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    History: The Murder of Fred Hampton and The United Front Against Fascism




    4:55 PM · Dec 4, 2019·

    Thread: 50 years ago, on Dec. 4, 1969, Chicago cops killed 21-year-old Black Panther, Fred Hampton's death wasn't just another police murder. Even more than MLK or Malcolm X, Hampton's murder might be the most important black assassination in US history. Here's why:
    First of all, most people think they know about the Black Panthers, but they don't. For instance, everyone associates the Black Panther Party with Oakland. That's where it came from, right? And they were about retaliation and violence, right?
    See, bruh, you're already wrong.


    Thanks for the links, the FBI surveillance of black activists continues today

    THE FBI HAS come under intense criticism after a 2017 leakexposed that its counterterrorism division had invented a new, unfounded domestic terrorism category it called “black identity extremism.” Since then, legislators have pressured the bureau’s leadership to be more transparent about its investigation of black activists, and a number of civil rights groups have filed public records requests to try to better understand who exactly the FBI is investigating under that designation. Although the bureau has released hundreds of pages of documents, it continues to shield the vast majority of these records from public scrutiny.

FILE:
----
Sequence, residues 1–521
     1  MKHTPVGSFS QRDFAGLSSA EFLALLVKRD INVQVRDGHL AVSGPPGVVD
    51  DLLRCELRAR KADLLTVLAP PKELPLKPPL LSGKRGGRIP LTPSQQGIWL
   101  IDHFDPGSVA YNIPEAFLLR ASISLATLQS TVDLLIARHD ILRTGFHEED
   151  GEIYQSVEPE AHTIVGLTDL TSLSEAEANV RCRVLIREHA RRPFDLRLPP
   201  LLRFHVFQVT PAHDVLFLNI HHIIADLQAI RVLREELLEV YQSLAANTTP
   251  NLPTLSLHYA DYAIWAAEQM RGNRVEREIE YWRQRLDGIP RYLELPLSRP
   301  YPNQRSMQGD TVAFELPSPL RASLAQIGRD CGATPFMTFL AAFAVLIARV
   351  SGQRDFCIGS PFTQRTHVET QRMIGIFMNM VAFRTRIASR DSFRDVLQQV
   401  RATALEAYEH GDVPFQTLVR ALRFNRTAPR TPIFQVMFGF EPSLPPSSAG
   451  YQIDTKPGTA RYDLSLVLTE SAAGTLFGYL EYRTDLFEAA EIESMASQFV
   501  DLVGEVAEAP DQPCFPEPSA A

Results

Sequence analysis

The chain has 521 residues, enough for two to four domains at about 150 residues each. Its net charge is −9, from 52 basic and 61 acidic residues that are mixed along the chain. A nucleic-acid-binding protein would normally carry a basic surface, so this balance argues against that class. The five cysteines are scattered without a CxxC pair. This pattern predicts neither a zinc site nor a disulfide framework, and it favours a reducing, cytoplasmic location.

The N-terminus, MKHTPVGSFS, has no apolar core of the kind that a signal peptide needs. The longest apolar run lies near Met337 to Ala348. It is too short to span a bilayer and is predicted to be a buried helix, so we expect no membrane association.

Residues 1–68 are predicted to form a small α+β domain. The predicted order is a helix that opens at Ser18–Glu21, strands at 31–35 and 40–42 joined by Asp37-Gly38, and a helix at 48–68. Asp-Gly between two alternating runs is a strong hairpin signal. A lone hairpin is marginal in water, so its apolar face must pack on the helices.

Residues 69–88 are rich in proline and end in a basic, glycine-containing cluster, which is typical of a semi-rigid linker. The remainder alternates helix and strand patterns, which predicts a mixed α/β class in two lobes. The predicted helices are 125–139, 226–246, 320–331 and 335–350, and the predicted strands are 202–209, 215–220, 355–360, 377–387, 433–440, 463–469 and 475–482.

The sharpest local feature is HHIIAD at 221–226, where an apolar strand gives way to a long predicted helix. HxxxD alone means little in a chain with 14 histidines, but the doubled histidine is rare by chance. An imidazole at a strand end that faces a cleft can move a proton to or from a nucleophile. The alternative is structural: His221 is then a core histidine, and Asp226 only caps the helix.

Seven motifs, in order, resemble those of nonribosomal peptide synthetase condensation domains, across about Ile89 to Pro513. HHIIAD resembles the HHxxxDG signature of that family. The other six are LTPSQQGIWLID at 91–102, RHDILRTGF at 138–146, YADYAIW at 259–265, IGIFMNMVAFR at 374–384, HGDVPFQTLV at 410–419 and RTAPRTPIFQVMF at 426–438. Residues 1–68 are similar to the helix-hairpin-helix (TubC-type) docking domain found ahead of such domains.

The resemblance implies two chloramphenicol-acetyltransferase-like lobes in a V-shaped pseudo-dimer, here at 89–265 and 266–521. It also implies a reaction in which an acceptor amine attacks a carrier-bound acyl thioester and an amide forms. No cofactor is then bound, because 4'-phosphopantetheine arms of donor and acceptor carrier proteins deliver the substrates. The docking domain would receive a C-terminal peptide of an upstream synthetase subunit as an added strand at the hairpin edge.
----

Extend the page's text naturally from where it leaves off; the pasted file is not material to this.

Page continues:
The sheer volume of documents those surveillance efforts have produced is troublesome, advocates say. The latest batch of FBI documents — obtained by the American Civil Liberties Union and the racial justice group MediaJustice and shared with The Intercept — reveals that between 2015 and 2018, the FBI dedicated considerable time and resources to opening a series of “assessments” into the activities of individuals and groups it mostly labeled “black separatist extremists.” This designation was eventually folded into the category of “black identity extremism.” Earlier this year, following an onslaught of criticism from elected officials, civil liberties advocates, and even some law enforcement groups, the FBI claimed that it had abandoned the “black identity extremism” label, substituting it for a “racially motivated violent extremism. ” Critics say that this designation conveniently obscures the fact that black supremacist violence, unlike white supremacist violence, does not actually exist.


    The Strange Tale of the FBI’s Fictional “Black Identity Extremism” Movement

    Although the FBI has frequently changed its labels and terminology, the surveillance of black Americans has continued. As The Intercept has reported, following the killing of Michael Brown by a police officer in Ferguson, Missouri, the FBI began spying on Ferguson activists and tracking their movements across states, warning local law enforcement partners that Islamic State group supporters were “urging” protesters to join their ranks. The FBI also drafted a mysterious “race paper,” the contents of which remain secret even though the bureau has disowned it. And as the Young Turks reported, the bureau has established a program dubbed “Iron Fist” targeting so-called black identity extremists with undercover agents






    There's also that FBI surveillance of all manner of activist groups continues to this day. And that they are not always stable geniuses about figuring which ones are the most danger to society.

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